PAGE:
Remote Exercise on Folds Near The San Andreas Fault

May 4, 2020

Given the necessity for online and remote learning on account of the coronavirus pandemic, we have designed an exercise for structural geology classes where students learn about the classical Painted Canyon site near the Southern San Andreas Fault, California, by analyzing a point cloud of a fold located near the fault. This activity is designed to serve as an alternative to typical field activities with a structural geology emphasis. Like in the field, students must design a strategy to collect data to answer a geologic question, but they also examine a point cloud using state-of-the-art software.

In this exercise, students are given a point cloud of a fold in Painted Canyon. The point cloud dataset was produced by structure from motion (SfM) photogrammetry from photographs collected with a small Uncrewed Aerial System (sUAS) or drone and is now available on the OpenTopography Community Dataspace. Students use the Compass tool in CloudCompare to visualize the point cloud and measure fold limb orientation. They plot their measurements in Stereonet (or could do so by hand), solve for the axial plane orientation, and calculate the average strain rate recorded in the folded unit. Students relate their measurements to the San Andreas Fault.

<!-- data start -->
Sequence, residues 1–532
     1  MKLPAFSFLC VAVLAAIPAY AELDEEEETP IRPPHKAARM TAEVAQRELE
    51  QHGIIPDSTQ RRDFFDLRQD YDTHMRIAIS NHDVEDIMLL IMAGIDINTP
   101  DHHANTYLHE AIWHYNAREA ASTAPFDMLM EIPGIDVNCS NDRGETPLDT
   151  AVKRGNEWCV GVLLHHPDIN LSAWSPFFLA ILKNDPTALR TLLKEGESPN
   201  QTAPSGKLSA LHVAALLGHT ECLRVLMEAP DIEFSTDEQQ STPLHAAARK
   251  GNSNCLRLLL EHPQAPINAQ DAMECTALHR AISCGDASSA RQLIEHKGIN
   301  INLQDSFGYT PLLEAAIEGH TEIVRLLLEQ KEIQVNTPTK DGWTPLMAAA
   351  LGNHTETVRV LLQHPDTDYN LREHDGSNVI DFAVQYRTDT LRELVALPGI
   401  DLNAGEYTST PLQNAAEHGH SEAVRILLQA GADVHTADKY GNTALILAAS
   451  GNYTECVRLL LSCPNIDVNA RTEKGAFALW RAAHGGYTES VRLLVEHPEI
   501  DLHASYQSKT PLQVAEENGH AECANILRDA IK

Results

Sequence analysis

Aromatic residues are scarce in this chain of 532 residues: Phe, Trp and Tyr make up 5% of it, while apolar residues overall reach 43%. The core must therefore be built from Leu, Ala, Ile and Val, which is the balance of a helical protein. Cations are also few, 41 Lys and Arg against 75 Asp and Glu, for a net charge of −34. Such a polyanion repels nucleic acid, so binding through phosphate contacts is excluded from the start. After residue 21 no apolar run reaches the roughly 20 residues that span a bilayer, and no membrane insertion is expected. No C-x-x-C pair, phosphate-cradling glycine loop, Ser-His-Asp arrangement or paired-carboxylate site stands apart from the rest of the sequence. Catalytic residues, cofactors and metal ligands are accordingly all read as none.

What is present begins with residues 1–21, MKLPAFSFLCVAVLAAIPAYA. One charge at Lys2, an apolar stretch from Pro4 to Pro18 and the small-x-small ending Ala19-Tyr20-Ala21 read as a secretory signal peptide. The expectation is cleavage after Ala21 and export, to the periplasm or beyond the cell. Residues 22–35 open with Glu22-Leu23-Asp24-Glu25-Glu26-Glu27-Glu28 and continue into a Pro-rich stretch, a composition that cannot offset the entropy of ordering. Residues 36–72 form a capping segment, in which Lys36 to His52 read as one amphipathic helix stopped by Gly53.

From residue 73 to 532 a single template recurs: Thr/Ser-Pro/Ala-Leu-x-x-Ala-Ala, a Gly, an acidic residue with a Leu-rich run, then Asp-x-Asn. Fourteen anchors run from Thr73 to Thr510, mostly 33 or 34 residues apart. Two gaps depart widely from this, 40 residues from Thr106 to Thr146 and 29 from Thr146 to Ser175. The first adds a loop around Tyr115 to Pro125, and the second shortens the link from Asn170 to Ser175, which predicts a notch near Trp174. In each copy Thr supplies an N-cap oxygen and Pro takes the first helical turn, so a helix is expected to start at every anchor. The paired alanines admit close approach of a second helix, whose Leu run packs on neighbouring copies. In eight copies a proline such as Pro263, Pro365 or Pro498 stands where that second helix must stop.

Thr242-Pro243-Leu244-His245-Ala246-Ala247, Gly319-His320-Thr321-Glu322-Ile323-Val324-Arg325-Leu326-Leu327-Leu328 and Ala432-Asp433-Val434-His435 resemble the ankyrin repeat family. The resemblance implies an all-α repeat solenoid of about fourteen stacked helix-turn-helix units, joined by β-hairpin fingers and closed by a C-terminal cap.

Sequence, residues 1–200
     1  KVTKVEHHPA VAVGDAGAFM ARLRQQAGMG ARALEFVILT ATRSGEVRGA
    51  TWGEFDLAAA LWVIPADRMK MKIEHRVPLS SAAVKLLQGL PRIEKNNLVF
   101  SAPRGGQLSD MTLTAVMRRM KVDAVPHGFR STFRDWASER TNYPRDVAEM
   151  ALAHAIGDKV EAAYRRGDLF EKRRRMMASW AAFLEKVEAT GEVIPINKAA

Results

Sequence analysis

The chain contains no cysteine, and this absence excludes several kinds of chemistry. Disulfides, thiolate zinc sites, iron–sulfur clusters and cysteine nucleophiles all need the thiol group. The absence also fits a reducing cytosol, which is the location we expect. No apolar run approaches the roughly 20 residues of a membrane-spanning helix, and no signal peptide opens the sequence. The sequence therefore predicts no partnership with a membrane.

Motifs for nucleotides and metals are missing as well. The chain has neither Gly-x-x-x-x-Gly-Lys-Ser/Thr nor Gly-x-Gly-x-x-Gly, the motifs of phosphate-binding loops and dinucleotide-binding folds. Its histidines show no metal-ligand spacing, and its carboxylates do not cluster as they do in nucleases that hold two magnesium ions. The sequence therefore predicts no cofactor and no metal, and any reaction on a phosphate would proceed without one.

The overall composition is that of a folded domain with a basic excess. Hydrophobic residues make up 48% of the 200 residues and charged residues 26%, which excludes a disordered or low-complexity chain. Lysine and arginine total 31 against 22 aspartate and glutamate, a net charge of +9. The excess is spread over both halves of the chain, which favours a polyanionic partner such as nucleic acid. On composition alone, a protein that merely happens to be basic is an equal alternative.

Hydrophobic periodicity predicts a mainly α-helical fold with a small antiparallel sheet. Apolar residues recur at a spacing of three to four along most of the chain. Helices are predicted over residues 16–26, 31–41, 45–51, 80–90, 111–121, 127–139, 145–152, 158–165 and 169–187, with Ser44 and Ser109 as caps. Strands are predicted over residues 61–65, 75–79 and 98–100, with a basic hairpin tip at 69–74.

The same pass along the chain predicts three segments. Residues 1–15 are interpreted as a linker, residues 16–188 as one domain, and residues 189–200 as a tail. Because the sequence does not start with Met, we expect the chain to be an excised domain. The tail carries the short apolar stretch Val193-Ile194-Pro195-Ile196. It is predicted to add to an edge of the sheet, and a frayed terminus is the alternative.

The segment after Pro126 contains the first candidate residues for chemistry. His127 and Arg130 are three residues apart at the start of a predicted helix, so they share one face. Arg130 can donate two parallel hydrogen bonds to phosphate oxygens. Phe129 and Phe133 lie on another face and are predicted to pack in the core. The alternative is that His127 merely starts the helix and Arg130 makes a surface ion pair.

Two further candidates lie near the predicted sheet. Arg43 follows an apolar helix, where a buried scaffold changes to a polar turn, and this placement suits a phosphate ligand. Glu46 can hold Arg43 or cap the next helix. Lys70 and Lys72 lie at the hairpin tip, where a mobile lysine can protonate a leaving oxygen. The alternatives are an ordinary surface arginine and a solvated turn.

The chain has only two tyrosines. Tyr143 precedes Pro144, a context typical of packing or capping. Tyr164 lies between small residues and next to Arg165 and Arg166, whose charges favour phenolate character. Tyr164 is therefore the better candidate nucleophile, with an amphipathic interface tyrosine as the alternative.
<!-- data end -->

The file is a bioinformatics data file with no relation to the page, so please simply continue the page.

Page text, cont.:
More information about the exercise can be found at:


This exercise was highlighted in the Designing Remote Field Experiences Webinar series hosted by the National Association of Geoscience Teachers (NAGT) . In the OpenTopography webinar, we discuss the Painted Canyon Exercise beginning at minute 35.